Free Tax Clinics: Many Community Volunteer Income Tax Programs host free tax clinics around Calgary to help eligible residents submit their tax return. You can find a list of free clinics near you and what documents to bring with you on the CRA website here.
Community Organizations also host free workshops on taxes.
Your Bank my provide tax support as a free or paid service. Ask about any services provided (and mention that you are a student, in case discounted rates apply).
There are private companies that can help you file your taxes either in-person or through online software programs for a fee. Examples include H&R Block, UFile, and TurboTax.
- Using UFile Online (free student code is CFS1981. Please note that this UFile may not be an option for international students filing for the first time.)
Whenever you are starting a new job, you will probably receive two tax forms that you must complete and return to your employer.
- TD1 is the Government of Canada (Federal) tax form
- TD1AB is the Government of Alberta (Provincial) tax form
They both look very similar. The main difference between the two is the tuition amount you can claim in the form. Generally, you will only need to complete the section of tuition and fees. However, make sure to read all options with caution in case any of the other sections apply to you.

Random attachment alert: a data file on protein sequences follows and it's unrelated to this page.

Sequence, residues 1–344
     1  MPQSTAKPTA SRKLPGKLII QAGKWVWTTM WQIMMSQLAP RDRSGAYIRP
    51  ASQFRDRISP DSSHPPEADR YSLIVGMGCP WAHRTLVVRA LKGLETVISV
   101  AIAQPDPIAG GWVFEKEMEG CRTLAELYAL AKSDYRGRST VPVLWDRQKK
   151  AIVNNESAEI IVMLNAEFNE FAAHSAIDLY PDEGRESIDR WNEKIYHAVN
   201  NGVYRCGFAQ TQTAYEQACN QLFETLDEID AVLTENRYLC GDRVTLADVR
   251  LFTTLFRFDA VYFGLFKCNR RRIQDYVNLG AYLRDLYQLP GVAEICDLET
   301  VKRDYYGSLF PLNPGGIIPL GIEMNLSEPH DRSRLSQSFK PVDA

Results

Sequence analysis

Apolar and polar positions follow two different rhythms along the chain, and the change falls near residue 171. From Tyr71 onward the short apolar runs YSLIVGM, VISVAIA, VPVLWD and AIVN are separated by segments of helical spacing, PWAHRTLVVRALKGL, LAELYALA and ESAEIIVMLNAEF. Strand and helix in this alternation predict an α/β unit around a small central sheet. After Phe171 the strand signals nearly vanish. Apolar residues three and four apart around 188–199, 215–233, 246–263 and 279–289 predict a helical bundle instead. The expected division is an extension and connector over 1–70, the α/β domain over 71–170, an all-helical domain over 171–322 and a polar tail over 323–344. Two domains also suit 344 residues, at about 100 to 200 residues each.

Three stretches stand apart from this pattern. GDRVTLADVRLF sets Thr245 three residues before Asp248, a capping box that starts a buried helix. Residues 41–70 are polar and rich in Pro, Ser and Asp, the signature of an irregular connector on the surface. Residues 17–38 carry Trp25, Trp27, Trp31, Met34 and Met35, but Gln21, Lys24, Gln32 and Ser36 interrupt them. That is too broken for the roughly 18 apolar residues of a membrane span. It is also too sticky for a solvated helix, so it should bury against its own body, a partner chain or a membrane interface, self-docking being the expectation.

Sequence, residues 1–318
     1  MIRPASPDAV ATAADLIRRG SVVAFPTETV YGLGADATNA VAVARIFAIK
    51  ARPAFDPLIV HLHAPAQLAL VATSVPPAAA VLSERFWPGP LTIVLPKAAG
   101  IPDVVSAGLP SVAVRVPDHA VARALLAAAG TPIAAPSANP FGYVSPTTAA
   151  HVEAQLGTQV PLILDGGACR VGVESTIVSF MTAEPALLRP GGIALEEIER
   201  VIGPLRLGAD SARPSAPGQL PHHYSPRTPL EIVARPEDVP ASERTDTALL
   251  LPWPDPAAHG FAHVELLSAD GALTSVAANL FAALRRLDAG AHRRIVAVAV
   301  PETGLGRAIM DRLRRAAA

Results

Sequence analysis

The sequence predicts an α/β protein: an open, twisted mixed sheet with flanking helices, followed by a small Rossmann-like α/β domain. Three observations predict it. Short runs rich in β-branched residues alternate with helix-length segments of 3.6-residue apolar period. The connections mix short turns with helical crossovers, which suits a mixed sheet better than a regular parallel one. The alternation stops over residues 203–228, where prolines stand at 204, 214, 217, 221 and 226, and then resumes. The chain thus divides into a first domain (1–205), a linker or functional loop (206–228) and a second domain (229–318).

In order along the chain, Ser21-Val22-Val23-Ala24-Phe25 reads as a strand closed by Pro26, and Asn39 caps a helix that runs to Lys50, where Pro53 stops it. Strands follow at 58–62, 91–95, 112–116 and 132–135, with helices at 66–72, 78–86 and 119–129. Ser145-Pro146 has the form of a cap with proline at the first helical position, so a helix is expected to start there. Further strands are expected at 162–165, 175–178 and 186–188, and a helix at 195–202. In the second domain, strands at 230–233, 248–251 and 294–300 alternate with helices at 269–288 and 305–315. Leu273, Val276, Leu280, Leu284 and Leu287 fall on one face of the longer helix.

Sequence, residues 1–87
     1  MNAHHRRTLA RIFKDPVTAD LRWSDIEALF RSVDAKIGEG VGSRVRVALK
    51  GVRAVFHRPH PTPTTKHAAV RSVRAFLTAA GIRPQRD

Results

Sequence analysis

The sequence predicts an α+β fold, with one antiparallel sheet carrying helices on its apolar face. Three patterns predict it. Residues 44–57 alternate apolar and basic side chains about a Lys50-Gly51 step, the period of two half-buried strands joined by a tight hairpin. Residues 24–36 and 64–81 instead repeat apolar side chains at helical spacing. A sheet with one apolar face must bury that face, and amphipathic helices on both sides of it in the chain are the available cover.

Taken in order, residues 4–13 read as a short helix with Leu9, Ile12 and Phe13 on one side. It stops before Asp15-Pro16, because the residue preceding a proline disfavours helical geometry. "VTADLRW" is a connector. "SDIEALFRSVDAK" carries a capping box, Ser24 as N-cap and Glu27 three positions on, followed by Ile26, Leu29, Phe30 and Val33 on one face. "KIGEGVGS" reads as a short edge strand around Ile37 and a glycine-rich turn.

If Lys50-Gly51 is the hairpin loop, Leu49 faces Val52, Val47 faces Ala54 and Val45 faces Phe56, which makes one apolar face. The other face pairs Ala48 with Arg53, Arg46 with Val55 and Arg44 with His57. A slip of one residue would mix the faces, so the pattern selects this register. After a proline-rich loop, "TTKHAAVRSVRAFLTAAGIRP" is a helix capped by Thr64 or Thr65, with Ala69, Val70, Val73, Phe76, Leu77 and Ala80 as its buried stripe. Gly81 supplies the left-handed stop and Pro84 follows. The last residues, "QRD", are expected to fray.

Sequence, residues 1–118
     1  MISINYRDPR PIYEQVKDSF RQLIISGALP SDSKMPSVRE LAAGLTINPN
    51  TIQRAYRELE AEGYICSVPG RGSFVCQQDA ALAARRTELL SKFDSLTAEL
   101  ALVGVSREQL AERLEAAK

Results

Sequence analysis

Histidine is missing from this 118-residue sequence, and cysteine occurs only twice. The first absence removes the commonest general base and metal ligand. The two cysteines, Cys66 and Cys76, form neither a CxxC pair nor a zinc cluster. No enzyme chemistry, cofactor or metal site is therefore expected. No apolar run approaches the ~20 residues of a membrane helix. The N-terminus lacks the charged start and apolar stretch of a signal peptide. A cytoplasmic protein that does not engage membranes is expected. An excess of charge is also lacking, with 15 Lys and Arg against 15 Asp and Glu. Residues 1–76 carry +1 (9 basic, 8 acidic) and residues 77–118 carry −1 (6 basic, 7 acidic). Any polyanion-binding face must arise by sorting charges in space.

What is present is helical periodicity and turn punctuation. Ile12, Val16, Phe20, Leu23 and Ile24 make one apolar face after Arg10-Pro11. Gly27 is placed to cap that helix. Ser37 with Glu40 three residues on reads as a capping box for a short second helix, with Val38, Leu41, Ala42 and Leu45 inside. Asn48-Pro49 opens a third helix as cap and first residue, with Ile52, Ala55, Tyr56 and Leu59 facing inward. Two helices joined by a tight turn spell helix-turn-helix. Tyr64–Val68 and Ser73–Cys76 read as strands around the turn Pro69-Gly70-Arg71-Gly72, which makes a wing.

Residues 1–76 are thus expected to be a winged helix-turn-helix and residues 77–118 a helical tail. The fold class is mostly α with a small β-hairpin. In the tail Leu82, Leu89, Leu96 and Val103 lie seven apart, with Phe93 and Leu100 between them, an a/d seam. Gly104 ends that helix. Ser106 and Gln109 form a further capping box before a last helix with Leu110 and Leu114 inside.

These forms are Personal Tax Credit Returns and are used by employers to determine the amount of federal and provincial tax to be automatically deducted from an individual’s income
When calculating the tuition and fees amount, please include any tuition expenses between January 1 to December 31 of the applicable tax year.
You should be cautious if you receive a phone call, email, text message, or letter that claims to be from the Canada Revenue Agency (CRA) and
- requests your personal information (like your Social Insurance Number (SIN), credit card number, bank account information, or passport number) or
- uses threatening or coercive language to scare you into sending money
These are scams and you should not respond or provide any of your personal information.
Visit the CRA website to learn more about
- What to expect when the CRA contacts you
- Examples of scam communication (calls, emails, texts)
- How to report a scam
- What to do if you are scammed